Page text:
TV building blocks
This article provides guidance on the main Firefox OS building blocks relevant to Firefox OS for TV, including characteristics and behaviour.
Note: To find out more about Firefox OS building blocks in general, visit our building blocks documentation.
Buttons perform actions when tapped or clicked by the user. Firefox OS provides a variety of button styles to fullfill different usages and contexts. A button could be composed of an image, text, or both.
- Buttons have two components: a visual target and a hit target. The visual target is the button that can be seen by users on the screen. The hit target is an invisible area that responds to the tap. To minimize tapping errors, the hit target is typically larger than the visual one.
- Buttons have four states: normal, selected, pressed, and disabled.
- Disabled buttons are buttons that do not respond to a click. Disabled buttons are dimmed.
Action buttons can be used for two purposes : (type A) a few action buttons in a dialog box that cause certain actions to happen; (type B) a list of actions, related to the app's content, from which the user may make a selection.
- Action buttons are used for system level only, such as a confirmation prompt or an Object menu (contextual menu) in a dialog box.
- A primary action button uses a special highlight color to improve visibility and to simplify the choice for users. Buttons that have potentially negative consequences, such as deleting an item, are highlighted in red.
Action button type A in normal, selected, and pressed states:
Animation of action buttons in confirm dialogs:
Action button type B in normal, selected, and pressed states:
Animation of action buttons in object menu dialogs:
Special buttons are buttons via which users may make an action inside an app. They have many styles designed for the app level. The following guide is for the most common buttons in Firefox OS TVs. Depending on the content needs, the style of each button can be adjusted to fit brand needs.
- Special buttons are used for apps only.
- A button could be image-only, text-only, image with background, text with background, or both image and text with background.
- Text is centered on the button.
Special buttons in in normal, selected, pressed, and disabled states:
Special buttons in motion:
Expand buttons can be used for two purposes: data filtering, in which users can view a single set of data in different ways; and a single set containing two or more buttons.
- Expand buttons are presented as a horizontal expanding group buttons.
- Only one button is focused at a time.
- Left, middle, and right buttons can be styled uniquely.
- Expand buttons’ widths vary depending on the number of buttons in a single set.
- You must provide at least two and no more than five items in a set.
- Each button appearing in a single set should be in text format only, without any icon.
Expand button in normal, selected, and pressed states:
Expand button in motion:
Lists are used to display a set of consecutive items, such as a list of contacts or messages.
- List items may vary in height (from one to three rows in a single item).
- List items may be as simple as just a string, up to including images, text, and buttons.
- Lists are comprised of rows, with optional section headers.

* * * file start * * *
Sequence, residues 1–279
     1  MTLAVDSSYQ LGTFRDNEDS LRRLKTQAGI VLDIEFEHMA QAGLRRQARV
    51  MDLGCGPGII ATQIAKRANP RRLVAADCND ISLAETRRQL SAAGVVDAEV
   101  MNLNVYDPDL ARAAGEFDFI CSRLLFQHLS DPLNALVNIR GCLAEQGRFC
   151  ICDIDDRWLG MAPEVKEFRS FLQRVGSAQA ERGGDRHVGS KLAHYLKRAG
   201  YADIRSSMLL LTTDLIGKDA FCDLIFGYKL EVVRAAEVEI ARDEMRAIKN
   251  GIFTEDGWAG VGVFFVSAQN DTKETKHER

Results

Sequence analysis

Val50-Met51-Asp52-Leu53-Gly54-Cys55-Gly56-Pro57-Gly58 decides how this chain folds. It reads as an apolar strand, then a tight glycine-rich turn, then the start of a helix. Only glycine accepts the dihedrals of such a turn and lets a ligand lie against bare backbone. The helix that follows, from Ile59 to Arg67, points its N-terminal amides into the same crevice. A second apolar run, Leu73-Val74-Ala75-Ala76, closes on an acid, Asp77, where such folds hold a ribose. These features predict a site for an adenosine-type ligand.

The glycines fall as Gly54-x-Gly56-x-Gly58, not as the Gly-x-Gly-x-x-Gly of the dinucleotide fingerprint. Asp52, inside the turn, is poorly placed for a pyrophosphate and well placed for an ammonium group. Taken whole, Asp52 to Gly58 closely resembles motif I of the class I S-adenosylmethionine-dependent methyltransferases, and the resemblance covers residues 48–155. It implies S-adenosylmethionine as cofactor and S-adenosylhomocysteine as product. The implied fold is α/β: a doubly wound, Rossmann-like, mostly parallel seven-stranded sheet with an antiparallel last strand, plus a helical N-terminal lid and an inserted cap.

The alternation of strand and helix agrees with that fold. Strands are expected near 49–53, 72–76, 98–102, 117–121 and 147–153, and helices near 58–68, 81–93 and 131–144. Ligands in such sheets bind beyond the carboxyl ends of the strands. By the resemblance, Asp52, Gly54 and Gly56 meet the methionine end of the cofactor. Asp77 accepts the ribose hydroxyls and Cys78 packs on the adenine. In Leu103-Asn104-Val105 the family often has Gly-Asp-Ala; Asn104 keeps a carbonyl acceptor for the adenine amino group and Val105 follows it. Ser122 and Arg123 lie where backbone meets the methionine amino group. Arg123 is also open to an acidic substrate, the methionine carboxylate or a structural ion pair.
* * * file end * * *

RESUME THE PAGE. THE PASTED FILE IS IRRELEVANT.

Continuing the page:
- Lists have four states: normal, selected, pressed and disabled.
Example of lists in settings:
Example of lists in drop-down menu:
Lists with switches in motion:
Dialogs prompt users for decisions or additional information required by the app to continue a task. Such requests can range from simple Cancel/OK decisions to more complex layouts asking users to adjust settings or enter text.
A confirmation prompt is used to confirm an action or inform users of an event. It's also frequently used to confirm tasks that cannot be undone (such as permanently deleting an item). Generally, a confirmation prompt is designed to disrupt tasks and, as a result, should be used sparingly.
- Confirmation prompts are currently modal — they occupy the entire screen and require user input to close them.
- Confirmation prompts consist of title, body text, list item, input field area, and action buttons.
Example of a confirmation prompt dialog:
Animation of confirmation prompt dialog:
An object menu (contextual menu) presents a list of actions related to the app's context, from which the user may make a selection.
- An object menu contains one or more items.
- The menu expands in width to accommodate its items, to a maximum of the screen’s width. Once that maximum width is reached, the content becomes selectable horizontally. Generally, the best practice is to try to include no more than five items plus a menu title.
- The title string is required.
- The menu is closed by:
- Selecting one of the actions.
- Clicking the “Return / back” button on the TV remote.
Example of a object menu dialog:
Animation of object menu dialog:
A notification provides lightweight feedback about an operation in a small popup. For example, your TV could display a “missed call” notification from a connecting phone or a notification of your favourite upcoming episode. Notifications automatically disappear after a specified time has elapsed.
- A notification can only show one message at a time, which depends on item priority.
- A notification consists of text, icons and buttons.
- The text area of a notification may vary in width, but still has a maximum width.
- A notification should be located at the bottom of the screen, but the alignment can be customized to right, left, or center.
- The color of the notification can be customized to fit any branding needs. Legibility of content is the highest priority.
Example of different types of notification:
Notification in motion: